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Day of Atonement

Day when the high priest offered sacrifices for Israel's sins.

The Horned Alter

The high priest put blood on the horns of the altar on the Day of Atonement

Altar from Megiddo
10th - 9th cent. B.C.

The Day of Atonement was the most solemn day of the Jewish year. It took place in the fall. The high priest was called upon to enter the inner part of the sanctuary, or "holy of holies," in order to make atonement for the people. A bull and goat were slain in the outer courtyard. Then the high priest sprinkled some of the blood before the mercy seat in the inner chamber. This was the only time during the year that anyone was allowed to enter the holy of holies. After this, the high priest put blood on the horns of the altar in the forecourt. The high priest also placed his hands on a live goat, confessed the sins of the people, then released the goat into the wilderness as a way of removing sin from the community (hence the term "scape goat"). The book of Hebrews draws on the ritual of the Day of Atonement when depicting the sacrificial death of Jesus.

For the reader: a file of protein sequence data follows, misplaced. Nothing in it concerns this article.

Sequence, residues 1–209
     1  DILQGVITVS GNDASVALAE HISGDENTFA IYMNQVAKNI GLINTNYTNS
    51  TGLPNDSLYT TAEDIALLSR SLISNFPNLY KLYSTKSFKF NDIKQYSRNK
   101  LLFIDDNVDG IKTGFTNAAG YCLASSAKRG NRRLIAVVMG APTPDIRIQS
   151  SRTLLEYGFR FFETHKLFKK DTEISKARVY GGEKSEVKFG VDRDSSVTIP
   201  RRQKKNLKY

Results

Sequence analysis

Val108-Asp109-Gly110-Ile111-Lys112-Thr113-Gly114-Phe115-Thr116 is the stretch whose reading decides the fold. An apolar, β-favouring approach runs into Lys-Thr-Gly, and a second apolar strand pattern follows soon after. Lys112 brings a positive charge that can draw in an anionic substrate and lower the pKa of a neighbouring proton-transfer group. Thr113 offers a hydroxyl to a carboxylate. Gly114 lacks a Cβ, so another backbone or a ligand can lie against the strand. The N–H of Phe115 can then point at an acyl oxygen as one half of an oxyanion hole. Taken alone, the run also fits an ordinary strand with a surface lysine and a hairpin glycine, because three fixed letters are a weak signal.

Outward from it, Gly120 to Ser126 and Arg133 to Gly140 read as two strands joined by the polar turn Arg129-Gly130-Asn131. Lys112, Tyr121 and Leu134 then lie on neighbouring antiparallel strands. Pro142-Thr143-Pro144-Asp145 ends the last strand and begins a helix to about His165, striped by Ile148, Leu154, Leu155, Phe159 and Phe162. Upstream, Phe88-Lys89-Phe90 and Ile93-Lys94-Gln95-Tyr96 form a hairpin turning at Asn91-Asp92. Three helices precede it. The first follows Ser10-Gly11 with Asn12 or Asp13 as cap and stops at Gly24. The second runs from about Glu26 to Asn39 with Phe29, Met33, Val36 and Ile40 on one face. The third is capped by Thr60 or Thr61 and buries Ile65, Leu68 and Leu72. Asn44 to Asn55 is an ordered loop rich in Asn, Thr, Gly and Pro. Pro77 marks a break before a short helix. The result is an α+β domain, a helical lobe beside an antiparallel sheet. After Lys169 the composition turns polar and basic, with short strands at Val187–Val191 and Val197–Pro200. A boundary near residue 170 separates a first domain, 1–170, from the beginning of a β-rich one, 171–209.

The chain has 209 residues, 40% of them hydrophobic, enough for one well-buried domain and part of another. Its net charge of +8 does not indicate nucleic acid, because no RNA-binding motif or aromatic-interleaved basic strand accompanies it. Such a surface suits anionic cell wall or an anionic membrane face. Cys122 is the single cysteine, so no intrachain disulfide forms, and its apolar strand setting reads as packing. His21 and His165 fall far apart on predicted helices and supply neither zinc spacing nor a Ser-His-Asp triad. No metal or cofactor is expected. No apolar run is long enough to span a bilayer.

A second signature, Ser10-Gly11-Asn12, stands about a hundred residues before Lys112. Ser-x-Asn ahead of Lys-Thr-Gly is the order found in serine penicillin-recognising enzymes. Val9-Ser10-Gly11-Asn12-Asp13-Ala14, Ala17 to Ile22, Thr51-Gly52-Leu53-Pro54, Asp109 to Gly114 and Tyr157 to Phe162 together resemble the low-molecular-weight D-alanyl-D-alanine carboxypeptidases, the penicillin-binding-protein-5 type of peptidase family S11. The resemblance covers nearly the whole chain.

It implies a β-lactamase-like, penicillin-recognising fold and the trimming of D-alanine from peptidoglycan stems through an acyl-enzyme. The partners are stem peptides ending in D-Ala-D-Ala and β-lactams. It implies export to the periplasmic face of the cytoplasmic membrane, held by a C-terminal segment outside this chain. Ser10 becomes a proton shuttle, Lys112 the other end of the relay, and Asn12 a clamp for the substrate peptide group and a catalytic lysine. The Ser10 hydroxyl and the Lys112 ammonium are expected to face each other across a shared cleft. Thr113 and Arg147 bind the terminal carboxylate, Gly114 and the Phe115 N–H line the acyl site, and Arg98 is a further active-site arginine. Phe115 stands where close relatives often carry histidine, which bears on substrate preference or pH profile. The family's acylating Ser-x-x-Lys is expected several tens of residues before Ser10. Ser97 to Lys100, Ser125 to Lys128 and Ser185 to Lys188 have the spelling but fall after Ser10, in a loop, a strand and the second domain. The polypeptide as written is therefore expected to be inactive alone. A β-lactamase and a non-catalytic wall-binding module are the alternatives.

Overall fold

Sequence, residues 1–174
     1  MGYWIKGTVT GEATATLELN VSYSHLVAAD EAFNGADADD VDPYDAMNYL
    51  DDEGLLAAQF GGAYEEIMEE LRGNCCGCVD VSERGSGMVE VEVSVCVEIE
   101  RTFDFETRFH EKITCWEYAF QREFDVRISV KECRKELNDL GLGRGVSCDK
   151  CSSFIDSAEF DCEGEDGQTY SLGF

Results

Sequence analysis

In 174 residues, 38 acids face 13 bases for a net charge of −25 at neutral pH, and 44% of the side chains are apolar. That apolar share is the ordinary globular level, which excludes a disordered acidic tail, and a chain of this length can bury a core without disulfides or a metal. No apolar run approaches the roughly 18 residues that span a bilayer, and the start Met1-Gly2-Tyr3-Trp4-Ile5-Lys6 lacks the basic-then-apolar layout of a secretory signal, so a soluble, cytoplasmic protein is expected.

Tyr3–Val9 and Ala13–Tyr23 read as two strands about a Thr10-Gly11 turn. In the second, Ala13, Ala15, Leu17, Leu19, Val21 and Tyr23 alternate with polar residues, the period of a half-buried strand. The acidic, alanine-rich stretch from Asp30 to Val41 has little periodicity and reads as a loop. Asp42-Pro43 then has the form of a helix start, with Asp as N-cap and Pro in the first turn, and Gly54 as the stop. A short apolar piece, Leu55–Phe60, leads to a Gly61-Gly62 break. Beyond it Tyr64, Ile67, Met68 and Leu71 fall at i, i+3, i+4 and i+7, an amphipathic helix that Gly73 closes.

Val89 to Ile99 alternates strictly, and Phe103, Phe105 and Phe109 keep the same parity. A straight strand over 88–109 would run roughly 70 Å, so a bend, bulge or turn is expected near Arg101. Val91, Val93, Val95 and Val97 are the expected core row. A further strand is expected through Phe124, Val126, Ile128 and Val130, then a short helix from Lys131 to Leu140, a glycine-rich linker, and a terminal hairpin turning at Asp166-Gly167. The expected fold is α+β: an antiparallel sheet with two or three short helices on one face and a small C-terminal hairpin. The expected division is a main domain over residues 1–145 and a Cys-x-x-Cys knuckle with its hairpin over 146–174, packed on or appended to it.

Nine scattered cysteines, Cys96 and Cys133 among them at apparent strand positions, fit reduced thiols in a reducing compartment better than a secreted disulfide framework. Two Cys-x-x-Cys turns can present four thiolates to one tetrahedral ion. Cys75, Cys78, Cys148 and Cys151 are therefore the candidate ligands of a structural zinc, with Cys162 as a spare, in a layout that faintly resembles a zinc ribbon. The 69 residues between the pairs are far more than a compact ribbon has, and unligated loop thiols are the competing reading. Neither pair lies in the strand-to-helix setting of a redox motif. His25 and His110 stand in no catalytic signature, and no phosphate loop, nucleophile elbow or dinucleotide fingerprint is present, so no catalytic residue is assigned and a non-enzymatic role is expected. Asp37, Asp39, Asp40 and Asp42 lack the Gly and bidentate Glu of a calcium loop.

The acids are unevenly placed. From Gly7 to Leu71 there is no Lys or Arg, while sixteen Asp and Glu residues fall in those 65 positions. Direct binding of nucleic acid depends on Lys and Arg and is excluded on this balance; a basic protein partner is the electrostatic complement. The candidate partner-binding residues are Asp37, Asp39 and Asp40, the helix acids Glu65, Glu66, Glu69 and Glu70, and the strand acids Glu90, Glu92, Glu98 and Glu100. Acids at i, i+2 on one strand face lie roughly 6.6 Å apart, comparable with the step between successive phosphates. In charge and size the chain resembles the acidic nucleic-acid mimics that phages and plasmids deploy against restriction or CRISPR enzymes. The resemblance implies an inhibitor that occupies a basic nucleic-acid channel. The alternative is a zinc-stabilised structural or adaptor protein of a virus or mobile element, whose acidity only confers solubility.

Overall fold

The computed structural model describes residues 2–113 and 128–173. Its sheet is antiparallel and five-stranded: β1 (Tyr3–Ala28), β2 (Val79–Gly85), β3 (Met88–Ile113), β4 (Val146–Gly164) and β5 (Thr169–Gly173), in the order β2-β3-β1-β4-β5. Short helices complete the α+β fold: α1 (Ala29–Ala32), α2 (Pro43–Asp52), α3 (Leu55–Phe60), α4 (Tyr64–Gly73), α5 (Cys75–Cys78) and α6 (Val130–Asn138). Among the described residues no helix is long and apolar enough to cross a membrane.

Lev 16 - Day of Atonement ritual


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